Matador Review

A Quarterly Missive of Alternative Concern

joshua mckinney


"novum"

 

When the turning season came, we wondered what it meant.
Nature's thin veneer was stripped away; the stunned leaves
were sundered from their trees, divided without consent.

And then a white silence fell, heavy, drifting to the eaves
of houses where families prayed their prayers for snow,
nature's thin veneer. Stripped away, the stunned leaves

faded to memory and were gone. Somehow, we'd forgotten how
to feel. Our numb blood fumbled through the narrow halls
of houses where families prayed. Their prayers for snow

were answered by a warm wind that raised seas, sparked wars,
starved millions, stripped away any awareness of suffering.
To feel our numb blood fumbling through the narrow halls

of our veins became an addiction, the brain's slow buffering
in the long, longing days of distortion. The ragged mourned.
Millions starved. Stripped away, any awareness of suffering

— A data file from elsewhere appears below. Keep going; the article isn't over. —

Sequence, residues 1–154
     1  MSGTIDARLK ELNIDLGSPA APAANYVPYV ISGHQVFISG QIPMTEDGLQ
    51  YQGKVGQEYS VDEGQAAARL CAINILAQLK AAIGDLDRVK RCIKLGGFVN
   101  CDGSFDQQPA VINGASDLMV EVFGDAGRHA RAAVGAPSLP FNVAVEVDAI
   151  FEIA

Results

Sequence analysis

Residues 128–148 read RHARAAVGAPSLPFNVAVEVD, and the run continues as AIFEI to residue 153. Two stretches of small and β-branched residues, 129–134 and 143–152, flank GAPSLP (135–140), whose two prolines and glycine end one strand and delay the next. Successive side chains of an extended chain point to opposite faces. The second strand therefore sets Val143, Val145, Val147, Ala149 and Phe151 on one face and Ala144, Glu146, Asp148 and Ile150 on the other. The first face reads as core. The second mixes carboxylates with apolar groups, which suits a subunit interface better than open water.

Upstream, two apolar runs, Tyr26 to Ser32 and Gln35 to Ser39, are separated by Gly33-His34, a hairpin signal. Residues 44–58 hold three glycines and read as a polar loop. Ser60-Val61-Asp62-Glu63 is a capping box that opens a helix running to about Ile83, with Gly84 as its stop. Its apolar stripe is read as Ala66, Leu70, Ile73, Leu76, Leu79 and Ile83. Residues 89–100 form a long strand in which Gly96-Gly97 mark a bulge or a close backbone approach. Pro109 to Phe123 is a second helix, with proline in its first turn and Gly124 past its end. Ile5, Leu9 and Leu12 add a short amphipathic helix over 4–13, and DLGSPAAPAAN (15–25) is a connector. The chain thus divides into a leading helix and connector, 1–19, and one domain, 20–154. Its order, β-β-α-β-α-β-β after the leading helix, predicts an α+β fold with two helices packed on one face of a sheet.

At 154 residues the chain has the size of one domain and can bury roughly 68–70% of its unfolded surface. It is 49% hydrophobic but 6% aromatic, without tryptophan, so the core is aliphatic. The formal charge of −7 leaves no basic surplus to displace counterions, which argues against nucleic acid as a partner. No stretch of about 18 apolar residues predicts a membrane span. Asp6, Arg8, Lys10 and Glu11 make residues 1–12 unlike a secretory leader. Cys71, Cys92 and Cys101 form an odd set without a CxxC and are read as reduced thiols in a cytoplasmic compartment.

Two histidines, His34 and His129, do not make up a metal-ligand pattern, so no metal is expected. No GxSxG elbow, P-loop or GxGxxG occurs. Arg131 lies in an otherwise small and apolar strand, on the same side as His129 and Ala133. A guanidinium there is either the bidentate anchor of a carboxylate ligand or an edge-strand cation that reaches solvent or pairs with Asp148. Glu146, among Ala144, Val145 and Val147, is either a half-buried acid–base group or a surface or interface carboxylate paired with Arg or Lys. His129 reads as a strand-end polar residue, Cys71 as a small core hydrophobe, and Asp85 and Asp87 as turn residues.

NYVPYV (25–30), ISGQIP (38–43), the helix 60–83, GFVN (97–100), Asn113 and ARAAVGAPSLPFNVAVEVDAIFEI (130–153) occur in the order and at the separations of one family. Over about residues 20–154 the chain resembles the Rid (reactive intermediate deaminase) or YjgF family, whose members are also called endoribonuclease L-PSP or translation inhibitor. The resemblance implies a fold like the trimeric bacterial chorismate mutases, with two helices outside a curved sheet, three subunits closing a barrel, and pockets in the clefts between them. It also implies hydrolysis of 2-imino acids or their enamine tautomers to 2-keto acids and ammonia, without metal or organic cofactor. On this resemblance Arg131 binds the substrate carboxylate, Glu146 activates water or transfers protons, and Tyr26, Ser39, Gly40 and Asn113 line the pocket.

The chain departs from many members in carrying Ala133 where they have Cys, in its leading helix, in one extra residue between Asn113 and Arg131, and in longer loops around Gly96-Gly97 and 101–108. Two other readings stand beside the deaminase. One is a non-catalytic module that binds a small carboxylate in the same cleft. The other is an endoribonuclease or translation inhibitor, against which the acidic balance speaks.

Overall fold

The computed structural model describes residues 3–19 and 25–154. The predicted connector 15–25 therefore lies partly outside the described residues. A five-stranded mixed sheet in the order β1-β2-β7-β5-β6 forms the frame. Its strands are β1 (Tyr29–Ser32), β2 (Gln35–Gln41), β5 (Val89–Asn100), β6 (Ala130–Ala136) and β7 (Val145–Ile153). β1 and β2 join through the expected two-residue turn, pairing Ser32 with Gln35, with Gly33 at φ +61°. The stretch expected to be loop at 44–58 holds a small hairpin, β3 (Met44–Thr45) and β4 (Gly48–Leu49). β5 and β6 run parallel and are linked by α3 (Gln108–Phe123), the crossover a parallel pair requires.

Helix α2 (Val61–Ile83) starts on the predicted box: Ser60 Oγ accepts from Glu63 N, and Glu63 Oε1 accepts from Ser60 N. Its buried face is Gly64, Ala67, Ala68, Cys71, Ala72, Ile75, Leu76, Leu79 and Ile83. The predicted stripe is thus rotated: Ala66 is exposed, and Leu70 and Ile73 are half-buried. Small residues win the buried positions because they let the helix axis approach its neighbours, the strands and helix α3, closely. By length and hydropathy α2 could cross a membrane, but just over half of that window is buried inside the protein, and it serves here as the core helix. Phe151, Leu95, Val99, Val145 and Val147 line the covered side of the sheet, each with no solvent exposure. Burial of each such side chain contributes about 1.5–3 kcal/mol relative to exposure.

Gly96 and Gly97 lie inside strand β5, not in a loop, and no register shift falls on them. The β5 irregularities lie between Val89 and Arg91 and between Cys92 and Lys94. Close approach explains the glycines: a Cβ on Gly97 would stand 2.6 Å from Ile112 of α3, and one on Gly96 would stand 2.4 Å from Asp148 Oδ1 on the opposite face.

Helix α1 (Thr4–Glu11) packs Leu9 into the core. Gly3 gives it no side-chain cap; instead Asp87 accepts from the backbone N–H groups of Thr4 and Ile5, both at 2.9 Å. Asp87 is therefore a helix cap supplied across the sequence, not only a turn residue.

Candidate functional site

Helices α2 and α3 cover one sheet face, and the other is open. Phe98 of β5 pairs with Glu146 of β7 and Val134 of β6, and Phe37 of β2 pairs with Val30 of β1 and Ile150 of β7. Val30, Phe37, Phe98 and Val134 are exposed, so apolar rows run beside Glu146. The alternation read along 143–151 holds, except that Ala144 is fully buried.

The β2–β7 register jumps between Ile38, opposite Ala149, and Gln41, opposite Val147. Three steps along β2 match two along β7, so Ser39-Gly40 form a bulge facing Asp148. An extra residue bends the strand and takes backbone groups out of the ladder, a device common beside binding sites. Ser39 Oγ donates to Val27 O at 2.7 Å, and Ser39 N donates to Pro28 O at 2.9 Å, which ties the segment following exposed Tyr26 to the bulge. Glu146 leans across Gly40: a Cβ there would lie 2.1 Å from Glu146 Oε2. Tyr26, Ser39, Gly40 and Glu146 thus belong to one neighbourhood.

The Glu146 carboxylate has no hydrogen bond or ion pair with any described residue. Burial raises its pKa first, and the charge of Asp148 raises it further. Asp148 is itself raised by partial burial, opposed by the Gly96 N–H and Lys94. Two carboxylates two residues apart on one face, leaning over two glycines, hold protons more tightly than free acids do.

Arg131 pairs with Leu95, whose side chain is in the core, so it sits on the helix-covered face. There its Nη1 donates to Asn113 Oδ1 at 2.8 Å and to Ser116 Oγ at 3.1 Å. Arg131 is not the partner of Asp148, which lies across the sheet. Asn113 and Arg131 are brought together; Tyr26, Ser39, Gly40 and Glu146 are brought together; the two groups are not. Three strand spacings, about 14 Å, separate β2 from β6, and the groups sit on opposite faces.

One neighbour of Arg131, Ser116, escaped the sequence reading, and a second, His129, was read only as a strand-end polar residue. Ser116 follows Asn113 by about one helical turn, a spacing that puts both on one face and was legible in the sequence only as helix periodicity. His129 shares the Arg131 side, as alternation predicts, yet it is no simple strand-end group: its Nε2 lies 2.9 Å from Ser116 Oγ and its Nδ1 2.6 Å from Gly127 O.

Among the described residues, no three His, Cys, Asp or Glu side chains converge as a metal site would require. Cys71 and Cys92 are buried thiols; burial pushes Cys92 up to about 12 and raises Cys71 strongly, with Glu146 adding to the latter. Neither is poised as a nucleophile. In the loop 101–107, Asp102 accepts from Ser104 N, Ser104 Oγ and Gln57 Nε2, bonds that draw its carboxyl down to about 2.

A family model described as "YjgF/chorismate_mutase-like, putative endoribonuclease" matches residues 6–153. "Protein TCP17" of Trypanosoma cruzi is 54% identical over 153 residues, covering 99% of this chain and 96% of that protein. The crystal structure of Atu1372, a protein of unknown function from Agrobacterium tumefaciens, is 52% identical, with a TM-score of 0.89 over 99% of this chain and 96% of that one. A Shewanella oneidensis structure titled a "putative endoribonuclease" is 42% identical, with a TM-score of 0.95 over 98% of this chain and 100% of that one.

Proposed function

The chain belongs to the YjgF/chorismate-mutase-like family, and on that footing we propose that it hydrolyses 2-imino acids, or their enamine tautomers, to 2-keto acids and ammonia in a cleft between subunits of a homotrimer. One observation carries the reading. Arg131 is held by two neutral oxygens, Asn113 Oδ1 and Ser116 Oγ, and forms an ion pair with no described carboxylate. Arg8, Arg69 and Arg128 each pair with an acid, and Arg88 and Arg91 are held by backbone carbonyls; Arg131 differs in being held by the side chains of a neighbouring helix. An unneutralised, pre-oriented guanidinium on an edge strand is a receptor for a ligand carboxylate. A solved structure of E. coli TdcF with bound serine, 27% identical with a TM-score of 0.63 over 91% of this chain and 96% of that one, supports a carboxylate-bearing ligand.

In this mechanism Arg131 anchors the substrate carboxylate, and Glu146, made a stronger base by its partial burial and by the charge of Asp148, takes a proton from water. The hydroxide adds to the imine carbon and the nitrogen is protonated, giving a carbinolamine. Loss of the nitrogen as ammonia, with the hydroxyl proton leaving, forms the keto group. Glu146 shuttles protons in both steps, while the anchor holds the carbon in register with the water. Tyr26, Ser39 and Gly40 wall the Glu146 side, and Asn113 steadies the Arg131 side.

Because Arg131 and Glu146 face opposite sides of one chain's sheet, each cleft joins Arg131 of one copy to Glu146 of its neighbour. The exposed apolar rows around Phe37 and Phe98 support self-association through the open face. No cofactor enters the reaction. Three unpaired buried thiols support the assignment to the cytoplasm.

was a dead leaf banished by a warm wind. Deaf to the alarm,
when the turning season came we wondered what it meant.
In the long, longing days of distortion, the ragged mourned,
were sundered from their trees, divided without consent.


Joshua McKinney is the author of three books of poetry: Mad Cursive (Wordcraft of Oregon 2012), The Novice Mourner (Bear Star Press, 2005), and Saunter (U of GA, 2002). His work has appeared in such magazines as American Letters & Commentary, American Literary Review, The Antioch Review, Boulevard, Colorado Review, Denver QuarterlyThe Kenyon Review, New American Writing, River Styx, and many others. He is the recipient of The Dorothy Brunsman Poetry Prize, The Dickinson Prize, and a Gertrude Stein Award for Innovative Writing. He is co-editor of the online eco-poetry zine, Clade Song.


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